Last month, Thomas S. Hibbs, Professor of Ethics and Culture and Dean of the Honors College at Baylor University, published the second edition of his Shows about Nothing: Nihilism in Popular Culture (Baylor), which updates—with reference to new television programs, films, and books—the volume’s first edition (Spence 1999).  Hibbs sees underneath much of popular culture a “Nietzschean framework of nihilism” whereby no ethical right and wrong can be discerned.  In this popular culture, according to Hibbs, we see the fulfillment of Nietzsche’s prediction that moral emptiness is an inevitable result of liberal democracy.  Whether Hibbs is correct—that popular art’s refusal to give morally definite conclusions necessarily implies an abandonment of morality rather than artistic reflection of the moral ambiguity in the world it depicts—is debatable (and perhaps to no end:  Does art reflect life, or life art?—as Oscar Wilde pointedly asked), but his book certainly raises interesting considerations, specifically in relation to a popular culture rarely subject to such inquiry.

Please follow the jump for the publisher’s description.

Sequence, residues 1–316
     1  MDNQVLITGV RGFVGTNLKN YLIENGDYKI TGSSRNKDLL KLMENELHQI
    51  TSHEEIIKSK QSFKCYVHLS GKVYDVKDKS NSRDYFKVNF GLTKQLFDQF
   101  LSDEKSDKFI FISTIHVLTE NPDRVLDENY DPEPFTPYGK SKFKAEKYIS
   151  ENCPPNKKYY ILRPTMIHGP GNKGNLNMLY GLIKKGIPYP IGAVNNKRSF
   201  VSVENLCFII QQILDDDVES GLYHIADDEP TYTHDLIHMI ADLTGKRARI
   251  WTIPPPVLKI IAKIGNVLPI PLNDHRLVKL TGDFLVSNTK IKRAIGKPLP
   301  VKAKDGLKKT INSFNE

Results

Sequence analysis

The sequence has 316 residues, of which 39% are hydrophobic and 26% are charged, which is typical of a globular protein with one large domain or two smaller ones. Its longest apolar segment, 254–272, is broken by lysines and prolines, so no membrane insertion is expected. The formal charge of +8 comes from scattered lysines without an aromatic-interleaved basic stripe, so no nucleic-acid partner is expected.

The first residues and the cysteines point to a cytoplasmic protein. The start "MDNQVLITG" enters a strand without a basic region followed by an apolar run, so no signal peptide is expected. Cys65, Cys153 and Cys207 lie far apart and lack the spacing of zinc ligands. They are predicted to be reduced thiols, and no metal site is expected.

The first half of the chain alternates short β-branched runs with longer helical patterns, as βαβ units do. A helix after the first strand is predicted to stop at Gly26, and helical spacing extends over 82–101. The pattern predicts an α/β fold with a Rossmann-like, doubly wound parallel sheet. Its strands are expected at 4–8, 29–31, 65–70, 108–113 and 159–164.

American media is the subject of constant critique. The seeming exaltation of violence, sex, and illicit themes creates virulent opponents of the media and its content. But could it be that the American experiment—even the quest to fulfill the American Dream—actually encourages media to act in a way that deserves these critiques?

Probing deep into the canon of all things screen, Thomas Hibbs uncovers the disturbing truths about the contemporary media landscape. Beneath the shallow facade of evil lies the Nietzschean framework of nihilism—a nothingness that undermines notions of right and wrong while destroying any sense of meaning or purpose. Yet what makes this nihilism even more profound is Nietzsche’s warning that liberal democracies are especially susceptible to such nothingness. In his examples, Hibbs shows how the popular story lines and characters of our time often rule out any possibility of making a “right” decision. Ultimately, Shows about Nothing toes the line between something and nothing to suggest how popular culture can move beyond nihilism.

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